Activism for bloggers – the next steps
I thoroughly enjoyed Save the Children’s first blogging conference on Saturday and I want to thank everyone who came to listen, share and contribute. As a newbie to blogging I found it very inspiring to be around so many social-media savvy people and over the weekend I got slightly addicted to following all the tweets and blogs generated by the day.
For me the key question was asked by one of the bloggers in the morning session – ‘What can I do?’. This was in response to Emergencies Director Gareth Owen’s very inspiring talk about how Save the Children’s staff respond to an emergency as soon as it happens.
And of course there is the obvious answer for bloggers – do what you do best and write about it (and many of the bloggers who came to the conference already have). That ability to spread the word is invaluable and if it’s your first and last step it’s still a contribution not to be underestimated.
For those that want to take the next steps (and the next) – they can write to their MP (www.theyworkforyou.com), sign petitions (or set them up www.ipetitions.com), find like-minded individuals in their area and set up local groups.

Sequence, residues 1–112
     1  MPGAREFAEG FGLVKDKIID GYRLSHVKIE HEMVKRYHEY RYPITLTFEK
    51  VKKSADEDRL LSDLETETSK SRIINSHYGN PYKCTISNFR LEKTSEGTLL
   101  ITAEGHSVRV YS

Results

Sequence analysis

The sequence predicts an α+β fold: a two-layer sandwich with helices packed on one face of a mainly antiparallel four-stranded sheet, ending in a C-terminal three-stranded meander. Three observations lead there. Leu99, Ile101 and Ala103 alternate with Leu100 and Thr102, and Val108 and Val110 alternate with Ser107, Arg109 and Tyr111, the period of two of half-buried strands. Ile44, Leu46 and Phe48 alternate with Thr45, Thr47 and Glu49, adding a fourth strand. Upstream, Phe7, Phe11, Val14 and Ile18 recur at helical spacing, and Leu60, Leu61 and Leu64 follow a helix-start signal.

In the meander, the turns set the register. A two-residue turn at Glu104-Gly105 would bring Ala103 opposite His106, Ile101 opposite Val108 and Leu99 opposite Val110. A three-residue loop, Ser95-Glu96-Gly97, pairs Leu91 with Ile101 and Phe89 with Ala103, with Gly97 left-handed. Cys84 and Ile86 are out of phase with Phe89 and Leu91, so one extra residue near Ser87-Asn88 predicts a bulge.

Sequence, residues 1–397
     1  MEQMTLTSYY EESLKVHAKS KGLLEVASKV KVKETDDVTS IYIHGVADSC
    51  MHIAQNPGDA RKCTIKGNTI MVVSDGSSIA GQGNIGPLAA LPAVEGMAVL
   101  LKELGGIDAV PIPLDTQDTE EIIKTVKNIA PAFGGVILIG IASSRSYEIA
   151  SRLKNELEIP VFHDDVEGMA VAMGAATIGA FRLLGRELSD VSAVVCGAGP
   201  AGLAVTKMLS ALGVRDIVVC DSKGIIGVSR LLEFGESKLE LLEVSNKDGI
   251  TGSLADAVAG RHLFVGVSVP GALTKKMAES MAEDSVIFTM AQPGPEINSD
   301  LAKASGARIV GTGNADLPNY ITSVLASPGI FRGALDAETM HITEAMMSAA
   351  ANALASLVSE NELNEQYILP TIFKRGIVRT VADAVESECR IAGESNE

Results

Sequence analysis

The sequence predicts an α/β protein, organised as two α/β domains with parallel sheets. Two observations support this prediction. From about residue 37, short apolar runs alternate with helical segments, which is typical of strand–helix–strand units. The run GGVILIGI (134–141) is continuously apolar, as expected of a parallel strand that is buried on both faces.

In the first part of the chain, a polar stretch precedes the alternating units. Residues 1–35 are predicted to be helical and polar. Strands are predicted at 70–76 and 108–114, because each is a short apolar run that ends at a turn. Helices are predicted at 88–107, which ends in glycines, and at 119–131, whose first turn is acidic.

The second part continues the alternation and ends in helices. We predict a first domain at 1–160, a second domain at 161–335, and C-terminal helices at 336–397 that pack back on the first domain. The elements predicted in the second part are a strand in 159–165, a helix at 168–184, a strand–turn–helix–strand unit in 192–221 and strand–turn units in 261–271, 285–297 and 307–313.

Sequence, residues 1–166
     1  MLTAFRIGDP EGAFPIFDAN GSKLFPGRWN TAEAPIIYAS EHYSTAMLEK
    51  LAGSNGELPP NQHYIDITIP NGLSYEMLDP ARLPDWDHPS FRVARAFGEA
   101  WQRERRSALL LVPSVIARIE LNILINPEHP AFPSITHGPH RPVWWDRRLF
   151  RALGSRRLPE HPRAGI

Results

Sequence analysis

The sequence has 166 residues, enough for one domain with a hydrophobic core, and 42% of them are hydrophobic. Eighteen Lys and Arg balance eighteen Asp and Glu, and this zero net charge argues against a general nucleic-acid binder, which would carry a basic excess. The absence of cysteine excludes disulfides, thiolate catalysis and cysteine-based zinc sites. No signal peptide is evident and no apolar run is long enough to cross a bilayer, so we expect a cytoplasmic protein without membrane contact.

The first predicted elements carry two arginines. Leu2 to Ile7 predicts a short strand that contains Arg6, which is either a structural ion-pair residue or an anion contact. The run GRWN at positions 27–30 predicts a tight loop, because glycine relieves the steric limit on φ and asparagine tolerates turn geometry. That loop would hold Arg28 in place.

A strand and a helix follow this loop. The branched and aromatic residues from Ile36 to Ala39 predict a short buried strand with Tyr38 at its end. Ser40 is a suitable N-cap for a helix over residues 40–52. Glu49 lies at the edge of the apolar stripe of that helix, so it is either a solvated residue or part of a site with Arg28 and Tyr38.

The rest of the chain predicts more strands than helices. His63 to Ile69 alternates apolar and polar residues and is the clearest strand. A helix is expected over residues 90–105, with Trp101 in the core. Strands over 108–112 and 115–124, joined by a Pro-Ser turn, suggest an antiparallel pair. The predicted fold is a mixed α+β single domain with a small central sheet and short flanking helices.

In terms of concrete actions right now many of our supporters have already emailed David Cameron urging him to take action on vaccines. The next step is to email your MP. We know vaccines work – as just one example, a major measles vaccine push in Africa from 2000-2008 led to a 92% reduction in measles-related deaths. In fact 2 million more children a year could be saved by 2015 through vaccines.
Show your MP you care about the millions of children who don’t have access to such a basic service – and get them to take action.
Gareth Jenkins, who spoke at the conference, will also be blogging this week about the next step in our campaign to lift children in the UK out of severe poverty.
Fancy meeting your MP? On 6 June there’s going to be a mass lobby of Parliament called Teatime for Change. Put the date in your diary and I’ll be in touch in the next couple of weeks with the details.
As part of our No Child Born To Die campaign we’ll also be working to make sure the world’s poorest mums and children have access to healthcare, with a focus on filling the gap in the number of trained healthcare workers. I’ll be in touch with actions and ways to get involved with that. In the meantime if you’re interested in the policy behind this, you can read the report Closing the Gap.
And if you have a specific question about any of our campaigns, a great idea, or a plan to change the world, don’t hesitate to get in touch: firstname.lastname@example.org